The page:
ED admissions rates decline despite increasing number of ED visits.
As one-third of United States’ healthcare costs are derived from hospital-based care, it is important to analyze the trends in emergency department (ED) visits and admission rates from the ED.
This retrospective study focused on ED visits and ED admission rates over an 8-year period, from 2006 to 2014. Data were collected from the National Emergency Department Survey. It excluded patients that were 18 years or younger, left without treatment, transferred to another facility, died on arrival, or were missing final disposition.
The authors of the study found that ED visits increased by 18.4% from 2006 to 2014 while ED admission rates fell by 9.8% over the same period. It is interesting to note that the largest reductions in ED admission rates occurred in three populations: (1) older patients, (2) patients with Medicare as their primary insurance and (3) patients with more comorbidities.
Various factors could be playing a role in decreasing admission rates. The authors pointed to improved access to outpatient follow-up from the ED, placing patients in diagnostic protocols (for common complaints such as low risk chest pain and syncope) to avoid unnecessary hospitalizations, and increased scrutiny of short hospitalizations by CMS.
The increase in ED visits across all insurance types, after passing of the Affordable Care Act, is well-documented in prior studies. Although the decrease in ED admission rates may help curb healthcare costs – as the decision to admit a patient is the most-expensive decision in medicine – we still do not know the impact of this finding on patient morbidity, mortality, readmissions, and ED bounce-backs. The latter two lead to increased ED visits which in turn increases healthcare costs.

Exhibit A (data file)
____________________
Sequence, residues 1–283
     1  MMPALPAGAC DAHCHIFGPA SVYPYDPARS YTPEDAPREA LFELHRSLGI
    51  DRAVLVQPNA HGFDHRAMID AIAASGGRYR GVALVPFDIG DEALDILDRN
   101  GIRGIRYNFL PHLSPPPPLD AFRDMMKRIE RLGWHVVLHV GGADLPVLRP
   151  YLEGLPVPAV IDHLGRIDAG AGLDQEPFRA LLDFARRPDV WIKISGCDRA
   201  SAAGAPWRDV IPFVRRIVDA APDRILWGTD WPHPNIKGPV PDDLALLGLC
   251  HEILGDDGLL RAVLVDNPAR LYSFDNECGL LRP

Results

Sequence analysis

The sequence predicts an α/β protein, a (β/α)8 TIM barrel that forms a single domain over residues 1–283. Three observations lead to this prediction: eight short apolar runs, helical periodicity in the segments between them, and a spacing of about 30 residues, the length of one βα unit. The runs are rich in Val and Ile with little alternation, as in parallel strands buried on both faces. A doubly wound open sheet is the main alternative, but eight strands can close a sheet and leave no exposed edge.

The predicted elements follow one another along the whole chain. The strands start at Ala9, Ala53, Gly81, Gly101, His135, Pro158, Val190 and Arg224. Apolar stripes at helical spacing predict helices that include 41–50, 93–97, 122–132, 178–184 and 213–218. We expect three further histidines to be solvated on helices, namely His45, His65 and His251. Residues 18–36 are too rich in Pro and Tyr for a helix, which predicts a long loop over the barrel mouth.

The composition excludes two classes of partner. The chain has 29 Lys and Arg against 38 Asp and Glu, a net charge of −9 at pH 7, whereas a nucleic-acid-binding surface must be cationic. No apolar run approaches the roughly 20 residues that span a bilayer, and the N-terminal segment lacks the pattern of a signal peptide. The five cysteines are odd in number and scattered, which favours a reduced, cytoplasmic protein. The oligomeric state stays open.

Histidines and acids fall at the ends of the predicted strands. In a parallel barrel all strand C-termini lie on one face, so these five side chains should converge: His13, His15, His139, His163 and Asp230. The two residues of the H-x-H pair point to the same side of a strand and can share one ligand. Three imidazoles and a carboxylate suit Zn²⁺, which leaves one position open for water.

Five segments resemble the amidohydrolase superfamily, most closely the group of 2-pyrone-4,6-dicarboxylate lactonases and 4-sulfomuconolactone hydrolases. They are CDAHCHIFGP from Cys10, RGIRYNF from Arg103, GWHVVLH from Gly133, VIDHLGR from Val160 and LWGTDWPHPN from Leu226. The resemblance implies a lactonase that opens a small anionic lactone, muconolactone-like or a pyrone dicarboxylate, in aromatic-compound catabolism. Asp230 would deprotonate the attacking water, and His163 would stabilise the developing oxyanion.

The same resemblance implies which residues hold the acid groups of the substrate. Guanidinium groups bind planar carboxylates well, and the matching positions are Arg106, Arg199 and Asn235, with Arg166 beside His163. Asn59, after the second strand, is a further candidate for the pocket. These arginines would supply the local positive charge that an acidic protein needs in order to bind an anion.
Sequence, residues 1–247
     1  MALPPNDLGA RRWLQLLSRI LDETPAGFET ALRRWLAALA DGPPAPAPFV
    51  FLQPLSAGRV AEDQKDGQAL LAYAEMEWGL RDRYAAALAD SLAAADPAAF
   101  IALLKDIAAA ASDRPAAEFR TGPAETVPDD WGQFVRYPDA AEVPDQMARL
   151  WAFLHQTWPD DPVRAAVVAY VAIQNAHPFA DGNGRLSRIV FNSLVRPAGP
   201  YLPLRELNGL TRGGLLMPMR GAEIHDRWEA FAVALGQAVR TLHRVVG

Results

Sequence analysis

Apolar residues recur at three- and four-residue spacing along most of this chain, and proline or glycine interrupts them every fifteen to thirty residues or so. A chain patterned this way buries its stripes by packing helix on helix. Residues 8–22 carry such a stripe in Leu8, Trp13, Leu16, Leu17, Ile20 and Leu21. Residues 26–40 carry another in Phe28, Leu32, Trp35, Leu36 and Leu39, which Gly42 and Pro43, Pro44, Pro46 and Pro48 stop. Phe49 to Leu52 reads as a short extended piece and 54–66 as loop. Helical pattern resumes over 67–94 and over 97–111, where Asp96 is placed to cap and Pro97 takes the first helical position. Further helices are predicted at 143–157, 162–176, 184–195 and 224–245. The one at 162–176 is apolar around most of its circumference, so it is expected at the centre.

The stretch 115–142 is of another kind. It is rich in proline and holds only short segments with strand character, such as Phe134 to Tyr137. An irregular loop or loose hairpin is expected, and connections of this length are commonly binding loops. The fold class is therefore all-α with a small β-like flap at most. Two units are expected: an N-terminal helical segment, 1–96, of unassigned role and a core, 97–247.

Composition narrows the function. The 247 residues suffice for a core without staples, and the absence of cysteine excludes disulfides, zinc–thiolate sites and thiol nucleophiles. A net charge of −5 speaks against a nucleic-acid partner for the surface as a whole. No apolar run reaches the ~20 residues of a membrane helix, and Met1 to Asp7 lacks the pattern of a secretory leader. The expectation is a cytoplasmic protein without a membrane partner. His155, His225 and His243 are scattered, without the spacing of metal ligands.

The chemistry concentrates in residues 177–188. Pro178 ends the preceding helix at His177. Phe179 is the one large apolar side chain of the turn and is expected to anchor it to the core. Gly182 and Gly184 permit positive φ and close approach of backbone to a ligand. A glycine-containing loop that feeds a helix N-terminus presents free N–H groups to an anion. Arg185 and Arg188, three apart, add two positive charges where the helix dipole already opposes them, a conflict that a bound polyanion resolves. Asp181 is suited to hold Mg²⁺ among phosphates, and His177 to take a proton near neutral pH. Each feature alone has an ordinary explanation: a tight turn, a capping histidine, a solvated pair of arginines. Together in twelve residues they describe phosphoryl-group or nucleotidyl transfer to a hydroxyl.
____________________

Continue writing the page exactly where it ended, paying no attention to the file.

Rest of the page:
The reduction in hospitalization rates from the ED was not attributed to lower acuity patients. As the major decision makers for most hospitalizations, emergency physicians have a large influence on healthcare costs. It would be prudent to implement programs that ensure rapid outpatient follow-up with primary care providers for patients of advanced age or with multiple comorbidities. Ultimately, this could improve long-term patient care while tackling costs associated with ED visits and hospital admissions.
Lin MP, Baker O, Richardson LD, Schuur JD. Trends in Emergency Department Visits and Admission Rates Among US Acute Care Hospitals. JAMA Internal Medicine. 2018;178(12):1708.
No abstract available.
EMRA + PolicyRx Health Policy Journal Club: A collaboration between Policy Prescriptions and EMRA
As emergency physicians, we care for all members of society, and as such have a unique vantage point on the state of health care. What we find frustrating in our EDs - such as inadequate social services, the dearth of primary care providers, and the lack of mental health services - are universal problems.
As EM residents and fellows, we learn the management of myocardial infarctions and traumas, and how to intubate, but we are not taught how health policy affects all aspects of our experience in the ED. Furthermore, given our unique position in the health care system, we have an incredible opportunity to advocate for our patients, for society, and for physicians. Yet, with so many competing interests vying for our conference education time, advocacy is often not included in the curricula.
This is the gap this initiative aims to fill. Each month, you will see a review of a new health policy article and how it is applicable to emergency physicians.